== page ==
lunes, 15 de noviembre de 2010

Last but not least

I'm leaving my current $work, and changing to another one. Being the first one I'm starting not as an university student but a 'professional' one feels strange, and I'm somewhat thrilled. Will I be good enough for the job? I hope so :)

These last days I'm reviewing some of my old code with the guy who will inherit my codes. A cool programmer, with lots of knowledge I wouldn't expect from an average young programmer (it's actually a bit older than me but, you know... not everyone reads 'refactoring', code complete, and GoF just for fun :) ). We've had good times. Transfering info would be quite more difficult without such a good learner. In little less than a week, he also explained me some ins and outs about some agile methodologies, or good programming practices (some cool refactorings, Log4X modules, etc...). We both learned quite a lot from each other.

Some of the neat advices that I liked.

- use Logging modules. They pay off. And they are quite easy to set up (opposed to what I thought)
- refactor any piece of code that is repeated more than 1 time (if it's easy to do). calling a simple join(',' , @array) three times in the same function can be refactored into a meaningful name sub. You get the name explaining what your code does, and if you want to change ',' to ':', only one change does it.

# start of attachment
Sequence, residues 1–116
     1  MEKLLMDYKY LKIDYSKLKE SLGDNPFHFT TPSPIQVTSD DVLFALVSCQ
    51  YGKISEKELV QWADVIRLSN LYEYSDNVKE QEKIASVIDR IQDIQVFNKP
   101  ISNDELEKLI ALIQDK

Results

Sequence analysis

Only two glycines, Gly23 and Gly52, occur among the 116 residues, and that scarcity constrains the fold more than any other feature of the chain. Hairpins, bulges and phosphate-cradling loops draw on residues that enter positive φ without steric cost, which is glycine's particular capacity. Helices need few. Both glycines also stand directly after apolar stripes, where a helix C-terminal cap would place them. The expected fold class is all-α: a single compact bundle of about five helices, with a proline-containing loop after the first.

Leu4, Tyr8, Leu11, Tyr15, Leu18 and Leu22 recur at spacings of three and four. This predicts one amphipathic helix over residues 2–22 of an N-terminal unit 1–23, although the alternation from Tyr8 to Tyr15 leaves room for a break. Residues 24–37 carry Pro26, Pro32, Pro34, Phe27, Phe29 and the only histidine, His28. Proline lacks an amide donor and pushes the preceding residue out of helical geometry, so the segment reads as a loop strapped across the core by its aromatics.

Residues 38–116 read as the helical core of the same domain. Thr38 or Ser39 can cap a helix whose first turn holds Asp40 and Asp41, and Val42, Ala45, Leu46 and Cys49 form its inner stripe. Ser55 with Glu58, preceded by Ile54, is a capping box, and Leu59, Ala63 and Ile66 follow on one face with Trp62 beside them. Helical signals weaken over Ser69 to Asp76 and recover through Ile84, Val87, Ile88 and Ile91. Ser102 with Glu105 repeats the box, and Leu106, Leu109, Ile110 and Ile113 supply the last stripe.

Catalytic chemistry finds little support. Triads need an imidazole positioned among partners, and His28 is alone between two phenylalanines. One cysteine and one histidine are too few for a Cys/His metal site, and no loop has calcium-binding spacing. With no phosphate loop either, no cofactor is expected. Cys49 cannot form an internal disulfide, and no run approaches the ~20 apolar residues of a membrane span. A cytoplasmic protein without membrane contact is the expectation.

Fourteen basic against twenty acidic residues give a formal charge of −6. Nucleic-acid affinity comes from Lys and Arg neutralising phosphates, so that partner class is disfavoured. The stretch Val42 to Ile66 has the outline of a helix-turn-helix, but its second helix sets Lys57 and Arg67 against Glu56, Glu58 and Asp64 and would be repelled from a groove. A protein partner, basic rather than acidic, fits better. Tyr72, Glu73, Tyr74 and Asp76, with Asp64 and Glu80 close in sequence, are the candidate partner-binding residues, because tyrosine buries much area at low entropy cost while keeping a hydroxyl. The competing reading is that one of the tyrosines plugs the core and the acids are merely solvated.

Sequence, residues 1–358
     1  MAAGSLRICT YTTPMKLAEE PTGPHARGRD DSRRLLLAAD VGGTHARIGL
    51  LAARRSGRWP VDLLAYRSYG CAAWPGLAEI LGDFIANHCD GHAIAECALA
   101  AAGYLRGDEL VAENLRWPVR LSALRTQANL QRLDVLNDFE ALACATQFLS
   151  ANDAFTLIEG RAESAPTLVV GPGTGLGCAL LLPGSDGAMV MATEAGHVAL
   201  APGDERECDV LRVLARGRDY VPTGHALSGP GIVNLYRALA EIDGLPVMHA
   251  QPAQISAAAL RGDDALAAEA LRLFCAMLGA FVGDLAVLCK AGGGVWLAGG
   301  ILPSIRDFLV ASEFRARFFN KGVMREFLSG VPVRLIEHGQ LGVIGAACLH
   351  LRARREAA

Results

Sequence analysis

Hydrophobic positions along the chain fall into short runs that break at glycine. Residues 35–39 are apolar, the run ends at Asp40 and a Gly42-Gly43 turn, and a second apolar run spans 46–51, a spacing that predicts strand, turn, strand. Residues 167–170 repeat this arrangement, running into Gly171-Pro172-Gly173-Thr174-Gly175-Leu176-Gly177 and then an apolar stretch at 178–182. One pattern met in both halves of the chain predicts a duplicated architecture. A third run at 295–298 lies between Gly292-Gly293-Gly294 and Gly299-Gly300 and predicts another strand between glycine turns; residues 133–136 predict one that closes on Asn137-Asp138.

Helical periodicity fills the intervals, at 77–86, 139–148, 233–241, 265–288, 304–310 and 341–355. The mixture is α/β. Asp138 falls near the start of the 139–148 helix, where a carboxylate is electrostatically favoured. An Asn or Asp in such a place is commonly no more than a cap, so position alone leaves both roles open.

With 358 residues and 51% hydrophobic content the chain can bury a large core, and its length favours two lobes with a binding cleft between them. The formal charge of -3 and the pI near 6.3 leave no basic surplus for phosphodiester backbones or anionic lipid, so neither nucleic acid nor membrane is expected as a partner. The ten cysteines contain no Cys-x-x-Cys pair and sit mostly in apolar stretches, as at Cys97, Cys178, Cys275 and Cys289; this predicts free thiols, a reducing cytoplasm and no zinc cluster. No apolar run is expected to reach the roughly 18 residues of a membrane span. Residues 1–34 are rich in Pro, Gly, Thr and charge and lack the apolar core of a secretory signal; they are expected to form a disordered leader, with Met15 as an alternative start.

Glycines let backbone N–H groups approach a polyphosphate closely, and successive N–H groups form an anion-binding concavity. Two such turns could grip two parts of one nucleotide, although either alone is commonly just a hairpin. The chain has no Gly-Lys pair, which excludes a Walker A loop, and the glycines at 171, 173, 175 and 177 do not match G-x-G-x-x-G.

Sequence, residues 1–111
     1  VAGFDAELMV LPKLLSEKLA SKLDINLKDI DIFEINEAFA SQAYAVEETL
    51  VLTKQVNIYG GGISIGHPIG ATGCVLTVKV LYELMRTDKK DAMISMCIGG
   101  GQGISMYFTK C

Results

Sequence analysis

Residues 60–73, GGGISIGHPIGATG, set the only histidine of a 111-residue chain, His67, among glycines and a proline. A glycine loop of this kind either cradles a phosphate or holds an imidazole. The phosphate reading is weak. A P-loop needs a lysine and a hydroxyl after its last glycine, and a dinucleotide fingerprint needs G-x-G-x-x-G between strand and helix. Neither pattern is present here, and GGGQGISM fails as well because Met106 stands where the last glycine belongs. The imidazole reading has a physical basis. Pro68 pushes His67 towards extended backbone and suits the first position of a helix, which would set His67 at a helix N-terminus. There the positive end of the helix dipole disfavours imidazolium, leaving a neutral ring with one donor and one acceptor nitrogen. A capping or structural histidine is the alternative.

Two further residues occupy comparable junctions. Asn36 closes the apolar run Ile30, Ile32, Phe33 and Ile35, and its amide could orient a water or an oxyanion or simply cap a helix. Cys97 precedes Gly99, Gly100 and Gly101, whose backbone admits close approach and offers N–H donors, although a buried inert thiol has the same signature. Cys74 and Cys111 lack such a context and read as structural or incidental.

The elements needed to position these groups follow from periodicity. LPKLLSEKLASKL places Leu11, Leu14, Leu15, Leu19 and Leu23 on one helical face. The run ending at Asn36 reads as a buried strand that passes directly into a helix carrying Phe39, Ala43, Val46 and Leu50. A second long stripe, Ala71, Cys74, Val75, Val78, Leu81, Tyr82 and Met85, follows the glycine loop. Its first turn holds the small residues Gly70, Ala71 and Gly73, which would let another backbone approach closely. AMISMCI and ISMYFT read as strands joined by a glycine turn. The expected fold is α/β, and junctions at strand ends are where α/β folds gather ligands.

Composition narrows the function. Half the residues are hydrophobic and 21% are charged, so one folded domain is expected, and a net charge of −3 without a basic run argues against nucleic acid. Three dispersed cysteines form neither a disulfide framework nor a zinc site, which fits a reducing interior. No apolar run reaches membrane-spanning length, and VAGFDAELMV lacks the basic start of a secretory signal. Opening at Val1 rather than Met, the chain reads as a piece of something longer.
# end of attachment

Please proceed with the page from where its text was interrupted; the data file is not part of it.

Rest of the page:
- Codes that you write separated by 2 newlines, like paragraphs, and start with a comment that explains what that snippet does, are screaming for a new function. You can use the first words of the comment as a hint for the function name.
- Take a look at AOP, it's cool. a really cool thing.

1 comentario:

Rodrigo Bistolfi dijo...

Good luck at your new job!
Funny, I have been reading about AOP the past two days. A lot of meta-programming and other cool stuff are involved.
BTW, I write a lot of code separated by paragraphs and starting with a comment, I will take the advices for myself. Something I always loved about Smalltalk is that you rarely face more than ten lines of code at once. This advices seems good for getting that into any programming language.